Unemployment, Inc.: Six reasons why America can't create jobs
UPDATE: No net growth in new jobs in August kept the US unemployment rate at 9.1 percent. Six reasons the country is struggling to put people to work – and why it may not last.
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One example of the growing income divide: If you sort US workers into four groups based on educational attainment, only one has seen its inflation-adjusted median wage rise since 1979. The gains went to people with college degrees or more education, while other groups have experienced declines in real wages. College isn't an automatic ticket to prosperity, but this trend reflects how sophisticated skills and judgment command a wage premium.Skip to next paragraph
4 The China Syndrome
Amid the fecund rows of corn and soybeans in south-central Iowa, Interpower Corporation turns out power cords, transformers, circuit breakers, and other components for electrical and electronics equipment around the world. The only trouble is, so do some companies in China.
Even before the recession, Bob Wersen, the founder and president of the Oskaloosa firm, was feeling global pressure, with Chinese competitors underpricing his products by as much as two-thirds. To survive, Mr. Wersen instituted "lean manufacturing" techniques. Adopting a concept pioneered in Japan, he organized workers in production cells rather than along an assembly line, boosting efficiency. He also cut down on his delivery time of products to customers.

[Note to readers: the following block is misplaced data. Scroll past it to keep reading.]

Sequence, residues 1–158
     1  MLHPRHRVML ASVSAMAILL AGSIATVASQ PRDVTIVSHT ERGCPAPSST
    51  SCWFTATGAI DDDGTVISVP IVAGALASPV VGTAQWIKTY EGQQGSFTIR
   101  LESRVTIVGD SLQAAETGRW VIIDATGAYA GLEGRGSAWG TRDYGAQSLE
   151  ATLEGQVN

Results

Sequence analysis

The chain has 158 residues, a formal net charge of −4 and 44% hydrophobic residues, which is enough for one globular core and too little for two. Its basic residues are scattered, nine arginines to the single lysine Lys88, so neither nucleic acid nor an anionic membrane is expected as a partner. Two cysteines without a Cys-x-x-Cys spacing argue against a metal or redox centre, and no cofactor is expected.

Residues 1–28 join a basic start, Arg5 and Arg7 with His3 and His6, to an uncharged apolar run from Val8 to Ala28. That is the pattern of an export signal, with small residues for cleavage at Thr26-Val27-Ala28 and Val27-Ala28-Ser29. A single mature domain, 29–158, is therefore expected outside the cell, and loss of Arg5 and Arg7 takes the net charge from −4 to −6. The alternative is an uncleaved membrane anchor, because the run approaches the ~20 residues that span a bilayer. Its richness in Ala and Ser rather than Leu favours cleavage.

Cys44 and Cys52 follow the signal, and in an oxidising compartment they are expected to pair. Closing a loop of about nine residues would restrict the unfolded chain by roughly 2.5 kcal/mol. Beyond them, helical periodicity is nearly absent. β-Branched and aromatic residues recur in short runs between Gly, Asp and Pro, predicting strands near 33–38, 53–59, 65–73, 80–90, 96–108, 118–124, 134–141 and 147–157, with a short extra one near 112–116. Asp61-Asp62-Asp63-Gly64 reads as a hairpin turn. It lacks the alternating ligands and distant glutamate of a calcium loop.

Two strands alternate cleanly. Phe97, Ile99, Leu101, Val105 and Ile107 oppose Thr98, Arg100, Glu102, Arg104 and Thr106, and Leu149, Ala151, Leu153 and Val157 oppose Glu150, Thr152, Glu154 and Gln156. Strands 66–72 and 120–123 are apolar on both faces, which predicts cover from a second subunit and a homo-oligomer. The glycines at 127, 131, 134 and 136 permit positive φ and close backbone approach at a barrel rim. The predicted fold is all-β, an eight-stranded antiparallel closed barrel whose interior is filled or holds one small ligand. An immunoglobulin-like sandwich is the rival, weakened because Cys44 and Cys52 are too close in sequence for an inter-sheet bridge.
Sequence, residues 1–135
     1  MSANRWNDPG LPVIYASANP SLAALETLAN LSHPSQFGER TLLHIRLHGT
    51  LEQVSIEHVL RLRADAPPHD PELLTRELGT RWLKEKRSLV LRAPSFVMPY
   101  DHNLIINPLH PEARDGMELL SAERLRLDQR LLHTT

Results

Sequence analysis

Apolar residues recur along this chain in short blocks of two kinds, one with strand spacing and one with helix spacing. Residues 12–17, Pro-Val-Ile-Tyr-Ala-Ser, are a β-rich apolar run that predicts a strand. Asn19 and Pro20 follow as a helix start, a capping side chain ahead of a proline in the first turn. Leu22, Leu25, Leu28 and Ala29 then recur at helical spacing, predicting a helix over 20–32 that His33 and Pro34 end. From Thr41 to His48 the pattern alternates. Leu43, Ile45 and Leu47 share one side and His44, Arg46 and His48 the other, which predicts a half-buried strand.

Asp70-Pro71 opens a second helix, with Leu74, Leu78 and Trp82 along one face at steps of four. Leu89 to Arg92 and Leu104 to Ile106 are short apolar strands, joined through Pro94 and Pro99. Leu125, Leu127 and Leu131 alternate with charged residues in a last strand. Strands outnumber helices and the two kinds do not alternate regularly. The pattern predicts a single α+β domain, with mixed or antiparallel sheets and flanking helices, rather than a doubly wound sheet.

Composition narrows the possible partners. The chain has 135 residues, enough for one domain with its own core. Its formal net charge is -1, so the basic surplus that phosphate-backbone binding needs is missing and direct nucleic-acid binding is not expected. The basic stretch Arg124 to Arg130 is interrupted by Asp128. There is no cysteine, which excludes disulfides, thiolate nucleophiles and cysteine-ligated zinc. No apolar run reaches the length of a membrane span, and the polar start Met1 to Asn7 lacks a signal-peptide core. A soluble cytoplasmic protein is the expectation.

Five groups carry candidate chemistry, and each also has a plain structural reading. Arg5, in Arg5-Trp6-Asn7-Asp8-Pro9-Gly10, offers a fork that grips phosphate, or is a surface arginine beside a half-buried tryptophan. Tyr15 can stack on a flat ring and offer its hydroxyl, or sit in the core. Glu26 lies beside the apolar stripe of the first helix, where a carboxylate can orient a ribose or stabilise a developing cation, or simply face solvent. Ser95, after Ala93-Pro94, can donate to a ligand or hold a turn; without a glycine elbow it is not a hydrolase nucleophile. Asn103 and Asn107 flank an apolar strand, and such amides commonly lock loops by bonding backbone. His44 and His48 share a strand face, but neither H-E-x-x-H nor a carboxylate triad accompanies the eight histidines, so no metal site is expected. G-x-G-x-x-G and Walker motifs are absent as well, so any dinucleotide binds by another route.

The result is that the company has survived both the recession and the bargain-basement pricing of the Chinese. Yet the transition hasn't been without its difficulties. The company went from record sales in 2008 to a 25 percent drop the next year, and it now employs 82 people, down from a peak of 117 in 2002.
The experience of Interpower is a reminder that globalization has an impact on the employment rolls of American companies, too. While it can make them more efficient, it can also siphon off workers from assembly lines and cubicles.
Like the shift to more flexible workplaces, globalization has been on the march for years. And to some degree, the two trends are related, with some jobs being "offshored" and companies like Boeing learning to make products through global partnerships.
But global competition, in its own right, is another factor behind the weak jobs recovery. "The major emerging economies are becoming more competitive in areas in which the US economy has historically been dominant," warns economist Michael Spence in a recent article for the journal Foreign Affairs.
It's not that trade is a bad thing. Most economists say the gains far outweigh the negative side effects, including job losses in industries that are exposed to tougher competition. But many note that current high US trade deficits symbolize an unsustainable pattern, in which the US keeps going a little deeper into debt each year to finance its import consumption, and emerging nations keep expanding their export edge.
The global economy also represents a major opportunity if US companies like Interpower can make progress. By producing goods for export – or for domestic markets now served by foreign firms – they promise to add jobs.
Several forces may already be shifting to give US firms a better shot. A falling dollar helps make US exports more competitive. Rising oil prices make companies consider locating production closer to customers, and labor costs are rising in nations like China.
5 Somebody start a company!